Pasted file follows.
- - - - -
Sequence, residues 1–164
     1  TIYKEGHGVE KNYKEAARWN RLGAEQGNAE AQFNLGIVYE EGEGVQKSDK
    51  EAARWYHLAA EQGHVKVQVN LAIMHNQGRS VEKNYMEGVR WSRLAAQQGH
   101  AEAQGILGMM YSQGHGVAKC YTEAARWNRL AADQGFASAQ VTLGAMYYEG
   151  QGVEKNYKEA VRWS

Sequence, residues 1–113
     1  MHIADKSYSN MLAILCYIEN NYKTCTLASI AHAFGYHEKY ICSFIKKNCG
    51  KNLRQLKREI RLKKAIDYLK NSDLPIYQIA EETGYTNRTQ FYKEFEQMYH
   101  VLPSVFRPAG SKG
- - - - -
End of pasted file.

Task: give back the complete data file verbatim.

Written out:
Sequence, residues 1–164
     1  TIYKEGHGVE KNYKEAARWN RLGAEQGNAE AQFNLGIVYE EGEGVQKSDK
    51  EAARWYHLAA EQGHVKVQVN LAIMHNQGRS VEKNYMEGVR WSRLAAQQGH
   101  AEAQGILGMM YSQGHGVAKC YTEAARWNRL AADQGFASAQ VTLGAMYYEG
   151  QGVEKNYKEA VRWS

Sequence, residues 1–113
     1  MHIADKSYSN MLAILCYIEN NYKTCTLASI AHAFGYHEKY ICSFIKKNCG
    51  KNLRQLKREI RLKKAIDYLK NSDLPIYQIA EETGYTNRTQ FYKEFEQMYH
   101  VLPSVFRPAG SKG